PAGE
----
Michael Wyland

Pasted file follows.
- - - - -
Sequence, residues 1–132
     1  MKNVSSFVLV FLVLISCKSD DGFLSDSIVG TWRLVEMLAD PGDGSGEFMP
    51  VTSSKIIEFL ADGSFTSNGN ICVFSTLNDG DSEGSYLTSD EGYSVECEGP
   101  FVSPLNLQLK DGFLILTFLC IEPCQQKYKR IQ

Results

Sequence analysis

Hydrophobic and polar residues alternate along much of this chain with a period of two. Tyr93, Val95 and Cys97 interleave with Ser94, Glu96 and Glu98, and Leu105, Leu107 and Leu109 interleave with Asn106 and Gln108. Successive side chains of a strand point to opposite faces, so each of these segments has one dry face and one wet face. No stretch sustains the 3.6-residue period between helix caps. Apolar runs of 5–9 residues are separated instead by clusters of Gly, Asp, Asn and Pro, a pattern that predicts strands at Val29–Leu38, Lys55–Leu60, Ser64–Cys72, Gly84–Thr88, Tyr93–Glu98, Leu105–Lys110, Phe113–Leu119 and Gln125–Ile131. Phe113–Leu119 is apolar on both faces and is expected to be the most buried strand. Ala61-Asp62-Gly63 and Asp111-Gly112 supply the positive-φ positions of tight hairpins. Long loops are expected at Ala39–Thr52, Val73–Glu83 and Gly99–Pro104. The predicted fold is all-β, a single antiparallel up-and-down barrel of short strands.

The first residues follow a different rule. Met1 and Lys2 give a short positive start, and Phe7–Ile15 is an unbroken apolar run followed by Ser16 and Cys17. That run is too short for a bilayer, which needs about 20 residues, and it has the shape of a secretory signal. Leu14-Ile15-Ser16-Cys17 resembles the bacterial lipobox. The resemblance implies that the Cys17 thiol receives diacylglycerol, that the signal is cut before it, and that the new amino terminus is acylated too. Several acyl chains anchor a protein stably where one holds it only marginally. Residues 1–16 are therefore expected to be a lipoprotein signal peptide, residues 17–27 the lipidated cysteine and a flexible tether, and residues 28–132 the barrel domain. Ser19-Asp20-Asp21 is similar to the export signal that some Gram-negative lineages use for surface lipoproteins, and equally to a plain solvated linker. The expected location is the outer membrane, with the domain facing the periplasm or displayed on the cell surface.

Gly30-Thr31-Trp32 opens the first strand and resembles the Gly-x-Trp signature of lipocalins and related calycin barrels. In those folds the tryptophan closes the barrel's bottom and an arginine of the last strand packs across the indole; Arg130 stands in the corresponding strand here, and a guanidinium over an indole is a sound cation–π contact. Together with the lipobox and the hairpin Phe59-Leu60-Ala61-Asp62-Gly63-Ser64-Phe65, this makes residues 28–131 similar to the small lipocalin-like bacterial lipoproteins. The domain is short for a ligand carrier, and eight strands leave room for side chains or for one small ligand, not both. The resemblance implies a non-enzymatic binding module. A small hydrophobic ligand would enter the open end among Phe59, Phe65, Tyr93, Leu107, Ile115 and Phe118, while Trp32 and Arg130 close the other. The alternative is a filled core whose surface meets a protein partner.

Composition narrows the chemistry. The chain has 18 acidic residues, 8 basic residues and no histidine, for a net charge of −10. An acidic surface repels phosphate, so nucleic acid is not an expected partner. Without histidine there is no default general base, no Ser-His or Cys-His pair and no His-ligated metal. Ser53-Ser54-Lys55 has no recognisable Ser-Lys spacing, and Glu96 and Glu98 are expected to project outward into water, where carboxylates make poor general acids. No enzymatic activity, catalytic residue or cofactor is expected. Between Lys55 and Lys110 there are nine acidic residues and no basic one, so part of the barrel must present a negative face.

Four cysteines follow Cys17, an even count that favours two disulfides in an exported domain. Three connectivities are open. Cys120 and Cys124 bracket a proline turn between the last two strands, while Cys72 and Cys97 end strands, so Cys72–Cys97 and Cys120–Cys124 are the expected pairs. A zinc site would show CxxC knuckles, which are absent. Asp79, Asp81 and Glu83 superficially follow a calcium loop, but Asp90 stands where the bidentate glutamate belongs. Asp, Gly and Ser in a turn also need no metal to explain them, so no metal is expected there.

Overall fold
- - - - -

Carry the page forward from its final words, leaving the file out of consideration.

Michael L. Wyland, CSL, has more than thirty years of experience in corporate and government public policy, management, and administration. An expert on nonprofit governance and public policy issues, he has been featured and quoted extensively in media including The Wall Street Journal, The New York Times, CNN, Fox News, Washington Post, The Chronicle of Philanthropy, and The Nonprofit Quarterly. He currently serves as an editorial advisory board member and contributor to The Nonprofit Quarterly, with more than 100 articles published since 2012. Michael is a partner in the consulting firm of Sumption & Wyland. Founded in 1990, the firm provides board governance consulting, public speaking and training, and executive coaching to nonprofit organizations. Sumption & Wyland has assisted more than 200 nonprofits with strategic planning services from pre-retreat research to staff-level implementation assistance and effectiveness monitoring. Speaking topics include board-CEO partnerships, nonprofit executive transition issues, and overviews of the nonprofit sector of the US economy. Michael was born in Washington, DC and raised in the Northern Virginia suburbs. Prior to co-founding Sumption & Wyland, Michael managed the computer operations for an independent oil & gas investor in Dallas, Texas and served as a staff assistant to a U.S. Representative. During his college years, he spent one summer working at the US Department of Labor and one summer working at the US Department of Justice. His past volunteer service includes various leadership positions at the local, state, and national level with the Young Republicans. He has been the secretary and president of a condominium homeowners association and the treasurer of a professional association serving computing professionals. He served as a Trustee and Vice President of Sertoma Foundation, and has been elected president of his local Sertoma club twice. In 2014, Michael was elected Chair of the South Dakota Commission for National and Community Service (Serve SD), on which he has served since its founding in 2011. He is currently working as a senior advisor to establish a national charity dedicated to the elimination of prejudice, expanding the scope and reach of the 120-year old Pi Lamba Phi fraternal organization. Michael's writing for NPQ often addresses healthcare policy and governance, scandals involving nonprofits, and the governance and policy implications of nonprofit stories in the news. He was widely quoted and cited for his work analyzing the governance issues related to the Jerry Sandusky/Penn State/Second Mile scandal in 2011. More recently, he has written more than 30 pieces for NPQ relating to the IRS scandal. In addition, he presented a paper at the national 2014 ARNOVA Conference about the IRS scandal and its implications for regulation of political activity by nonprofit organizations. Michael lives in Sioux Falls, SD with his wife, Margaret Sumption, and their dog. They have one adult son. In his leisure time, he likes to read histories and biographies, play golf, cook, and be a companion to his wife.